DES MOINES, Iowa — Iowans celebrated Transgender Day of Remembrance Saturday as the U.S. crossed a grim milestone: 2021 is the deadliest year recorded for transgender people, with 47 recorded homicides.
"Transgender people are four times more likely to be the victims of a crime, including rape, sexual assault, simple assault, aggravated assault," said Veronica Fowler, Communications Director for the ACLU of Iowa. "They're even far more likely to be the victim of property crimes like vandalism of their homes."
Transgender people have a broad spectrum of experiences, but the term describes a situation where a person feels that the sex they were assigned at birth doesn't match their internal gender identity. The Williams Institute found there are over 1.4 million transgender people in the United States alone.
Alexandra Gray, a Des Moines resident, is one of them. She first came out as transgender when she was 35. She said support from her family played a key role in helping her come out.
"My dad, my two uncles, in the long run for me, their opinions were the ones that really mattered," Gray said.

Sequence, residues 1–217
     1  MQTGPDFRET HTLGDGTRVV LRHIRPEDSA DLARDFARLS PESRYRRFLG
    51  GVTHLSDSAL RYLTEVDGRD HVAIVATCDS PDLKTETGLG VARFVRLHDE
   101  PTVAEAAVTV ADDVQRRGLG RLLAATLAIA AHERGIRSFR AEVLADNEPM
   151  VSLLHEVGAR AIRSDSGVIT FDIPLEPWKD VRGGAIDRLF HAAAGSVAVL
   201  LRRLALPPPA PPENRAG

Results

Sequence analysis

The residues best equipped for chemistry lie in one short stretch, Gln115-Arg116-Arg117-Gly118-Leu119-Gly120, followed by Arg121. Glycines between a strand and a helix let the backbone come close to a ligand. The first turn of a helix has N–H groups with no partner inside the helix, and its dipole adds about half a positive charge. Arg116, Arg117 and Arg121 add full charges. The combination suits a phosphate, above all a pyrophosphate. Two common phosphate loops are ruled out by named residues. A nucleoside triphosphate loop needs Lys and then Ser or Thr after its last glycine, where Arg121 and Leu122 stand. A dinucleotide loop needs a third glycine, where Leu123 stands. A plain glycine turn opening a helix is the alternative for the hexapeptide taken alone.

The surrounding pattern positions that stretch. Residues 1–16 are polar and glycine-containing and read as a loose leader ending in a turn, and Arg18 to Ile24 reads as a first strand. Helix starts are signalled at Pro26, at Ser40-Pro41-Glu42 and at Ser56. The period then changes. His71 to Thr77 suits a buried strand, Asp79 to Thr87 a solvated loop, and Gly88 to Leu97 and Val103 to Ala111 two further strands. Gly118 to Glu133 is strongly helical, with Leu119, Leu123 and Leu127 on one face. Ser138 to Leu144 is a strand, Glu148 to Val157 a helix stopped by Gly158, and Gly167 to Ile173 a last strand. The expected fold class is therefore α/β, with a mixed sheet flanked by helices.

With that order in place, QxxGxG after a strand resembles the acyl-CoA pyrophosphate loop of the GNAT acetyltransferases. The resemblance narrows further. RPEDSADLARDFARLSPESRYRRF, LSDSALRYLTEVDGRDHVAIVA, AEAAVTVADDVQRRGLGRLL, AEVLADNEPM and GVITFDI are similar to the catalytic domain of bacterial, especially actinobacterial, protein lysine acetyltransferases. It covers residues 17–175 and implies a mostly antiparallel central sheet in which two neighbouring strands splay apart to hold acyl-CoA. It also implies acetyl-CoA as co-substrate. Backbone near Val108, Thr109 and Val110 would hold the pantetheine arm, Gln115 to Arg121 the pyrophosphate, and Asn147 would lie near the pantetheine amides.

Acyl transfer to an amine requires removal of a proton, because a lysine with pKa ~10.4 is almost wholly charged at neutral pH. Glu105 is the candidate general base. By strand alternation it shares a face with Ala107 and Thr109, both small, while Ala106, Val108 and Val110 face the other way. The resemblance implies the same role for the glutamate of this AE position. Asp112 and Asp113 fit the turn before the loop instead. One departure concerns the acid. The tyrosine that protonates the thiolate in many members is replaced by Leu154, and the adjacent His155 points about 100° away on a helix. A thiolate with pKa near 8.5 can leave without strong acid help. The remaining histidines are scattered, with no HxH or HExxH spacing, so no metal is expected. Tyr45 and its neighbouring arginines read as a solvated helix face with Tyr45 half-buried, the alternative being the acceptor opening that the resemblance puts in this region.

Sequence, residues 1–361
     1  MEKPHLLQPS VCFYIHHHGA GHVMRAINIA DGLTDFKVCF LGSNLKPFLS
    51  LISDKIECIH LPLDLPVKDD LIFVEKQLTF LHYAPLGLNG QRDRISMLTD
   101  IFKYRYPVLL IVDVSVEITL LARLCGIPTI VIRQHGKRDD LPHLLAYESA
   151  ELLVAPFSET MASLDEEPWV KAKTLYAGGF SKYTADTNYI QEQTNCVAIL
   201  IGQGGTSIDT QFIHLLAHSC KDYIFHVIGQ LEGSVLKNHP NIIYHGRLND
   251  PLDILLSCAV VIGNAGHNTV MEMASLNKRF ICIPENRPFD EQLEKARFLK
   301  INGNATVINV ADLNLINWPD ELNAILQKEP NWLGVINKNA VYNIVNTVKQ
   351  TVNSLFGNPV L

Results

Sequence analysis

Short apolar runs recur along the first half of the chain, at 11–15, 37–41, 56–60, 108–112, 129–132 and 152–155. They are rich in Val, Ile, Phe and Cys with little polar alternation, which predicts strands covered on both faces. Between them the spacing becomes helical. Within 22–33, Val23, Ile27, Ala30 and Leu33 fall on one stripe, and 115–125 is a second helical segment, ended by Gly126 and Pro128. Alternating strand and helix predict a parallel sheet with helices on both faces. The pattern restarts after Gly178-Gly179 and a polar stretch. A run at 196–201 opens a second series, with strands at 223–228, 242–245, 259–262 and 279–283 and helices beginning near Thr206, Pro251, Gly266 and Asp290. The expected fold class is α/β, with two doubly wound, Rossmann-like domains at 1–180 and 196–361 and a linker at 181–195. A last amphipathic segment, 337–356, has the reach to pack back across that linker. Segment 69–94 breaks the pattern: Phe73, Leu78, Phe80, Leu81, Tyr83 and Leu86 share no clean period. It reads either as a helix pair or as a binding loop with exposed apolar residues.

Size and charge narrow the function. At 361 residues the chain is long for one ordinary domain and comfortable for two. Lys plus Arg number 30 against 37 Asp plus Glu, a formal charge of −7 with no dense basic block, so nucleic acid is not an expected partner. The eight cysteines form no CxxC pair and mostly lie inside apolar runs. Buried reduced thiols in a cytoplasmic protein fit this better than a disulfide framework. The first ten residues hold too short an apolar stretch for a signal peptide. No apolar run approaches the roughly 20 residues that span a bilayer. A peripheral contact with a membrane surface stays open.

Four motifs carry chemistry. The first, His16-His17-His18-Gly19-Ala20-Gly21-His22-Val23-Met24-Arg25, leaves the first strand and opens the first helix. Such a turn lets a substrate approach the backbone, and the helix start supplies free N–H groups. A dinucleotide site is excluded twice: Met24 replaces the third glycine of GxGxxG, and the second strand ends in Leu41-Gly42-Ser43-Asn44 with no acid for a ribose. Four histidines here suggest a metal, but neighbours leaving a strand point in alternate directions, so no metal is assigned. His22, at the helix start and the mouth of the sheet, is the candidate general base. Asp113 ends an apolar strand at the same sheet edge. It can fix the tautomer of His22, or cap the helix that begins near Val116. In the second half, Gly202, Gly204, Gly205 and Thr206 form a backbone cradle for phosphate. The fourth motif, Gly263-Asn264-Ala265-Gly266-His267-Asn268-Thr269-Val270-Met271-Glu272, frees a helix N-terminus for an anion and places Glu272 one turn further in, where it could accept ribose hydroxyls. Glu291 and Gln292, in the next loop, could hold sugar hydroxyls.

That acceptance is becoming more common. Pew Research found about 42% of Americans say they personally know a transgender person—and approximately 62% of US residents supported trans rights.
"Transgender people are our friends or family, our neighbors or ministers, and we just need to all treat each other equally with respect with dignity," Fowler said.
Gray said she was friends with multiple trans women who died to anti-trans violence. She took Saturday to remember their bravery and celebrate their memories.
"Rejoice in the resilience, rejoice in the determination," Gray said. "Rejoice because it takes a lot to accept your transness and to live in your truth and to walk in your truth. I would rather honor them as pioneers and as warriors and as leaders than as victims."
President Biden released a statement marking Transgender Day of Remembrance, which read in part:
"Transgender people are some of the bravest Americans I know. But no person should have to be brave just to live in safety and dignity. Today, we remember. Tomorrow—and every day—we must continue to act."
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